For me, this matter is 99% decided now. There are no Jensen's Minis other than those 'created' by various people over the years. If someone wants to pay a grand or more for a normal 225 or 226 model with what may or may not be an original Jensen's transfer on the doors then I cannot stop them but I do appeal to the auction houses and any seller who actually cares for their customers not to try and say they're genuine promotional issues. If I do see any I will do my best to have them more accurately described, at the very least. There'll be little anyone can do about the price they ask or that someone may bid.
One idea I have is to create a lot of these myself and flood the market with them at whatever they cost me to produce - about £50 or £100, maybe, with a good box. The trouble is that this may simply mean more appear at a higher price as unscrupulous people buy mine and then continue to try and sell them at huge prices to people who'll never have read this and all I achieve is to add to their stock and profits. So, OK, forget that idea. But if you can help me spread the news that these Minis are simply all fake then that'll be a good start.
I have revised my Corgi Catalogue pages now so that only the Hillman Imp in pale blue is recognised as a promotional variation for Jensen's.
Monday 16 August 2021
QDT have written to me again and say:
We have now received information which leads us to feel very confident regarding the early blue 226 model, and, to a slightly lesser degree, the 225 models (especially red) too.This is based on an article in DieCast Collector magazine in 1999 by someone they regard as a 'well known Mini expert', Mike Battsford (although they then add 'apologies to him if the spelling is incorrect') which shows the red and blue Minis in his collection.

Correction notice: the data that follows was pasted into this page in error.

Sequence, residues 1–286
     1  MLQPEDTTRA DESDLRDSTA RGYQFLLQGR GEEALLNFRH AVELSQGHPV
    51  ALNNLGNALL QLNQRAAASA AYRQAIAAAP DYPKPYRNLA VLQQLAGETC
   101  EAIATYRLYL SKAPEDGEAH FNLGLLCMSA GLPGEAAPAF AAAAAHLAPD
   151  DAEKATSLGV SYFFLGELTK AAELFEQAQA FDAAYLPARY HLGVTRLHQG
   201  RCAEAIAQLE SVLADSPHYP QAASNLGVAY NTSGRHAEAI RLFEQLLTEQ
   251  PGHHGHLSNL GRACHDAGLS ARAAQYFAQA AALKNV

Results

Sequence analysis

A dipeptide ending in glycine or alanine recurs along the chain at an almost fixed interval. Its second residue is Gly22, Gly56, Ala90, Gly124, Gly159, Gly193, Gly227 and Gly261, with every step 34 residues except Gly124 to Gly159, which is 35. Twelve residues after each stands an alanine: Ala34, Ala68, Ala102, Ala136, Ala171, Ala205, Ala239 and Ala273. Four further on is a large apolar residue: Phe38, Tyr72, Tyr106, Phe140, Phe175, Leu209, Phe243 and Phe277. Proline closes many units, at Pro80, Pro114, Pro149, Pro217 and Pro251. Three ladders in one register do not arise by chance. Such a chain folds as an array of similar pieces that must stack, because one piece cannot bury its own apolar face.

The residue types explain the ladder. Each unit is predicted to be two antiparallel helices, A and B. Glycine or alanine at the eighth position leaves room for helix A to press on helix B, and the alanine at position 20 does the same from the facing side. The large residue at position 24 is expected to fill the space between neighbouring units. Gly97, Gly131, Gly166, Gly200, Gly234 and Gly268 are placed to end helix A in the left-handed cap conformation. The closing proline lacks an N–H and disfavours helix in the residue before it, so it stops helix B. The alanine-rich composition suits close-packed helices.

I have found no reference to him in a brief search of the name and, if he was that well-known, one might have expected both QDT to remember how to spell his name and some reference to appear online fairly readily. So I am not really very convinced. This chap Mike might merely have had a couple of fakes in the photo and we're none the wiser. I am prepared to accept their view as to his knowledge and caution, however, and keep an open mind.
This does not necessarily prove anything but we know Mike to have been a very knowledgeable and cautious collector.
QDT also tell me in some detail about someone who acquired a Mini with 'Jensen's' transfers from a house clearance in 1999. I accept that this proves that the '2008 appearance of reproduction transfers' is irrelevant but it doesn't mean that someone wasn't creating good copies back in the 1990s. After all, this is still a good 30 years or more after the originals. The models would have been considered scarce then, I'm sure, and there would have been plenty of incentive to make some transfers and stick them on something like a Mini that doesn't need to be repainted first.
QDT go on to say:
In summary we are now convinced, beyond reasonable doubt, that the early 226 is perfectly valid. It is, unfortunately, no doubt true that examples of 225 and 226 Jensen’s models have been made, post 2008, using original transfers. This does not mean though that there are not original examples too.
I do feel they're putting too much faith in Mike, whoever Mike is, as far as the Minis are concerned. There is no other evidence there that stands up and rather too many queries. So I have to continue, not a great deal wiser, and I thought I might next share some of the different examples that I have found.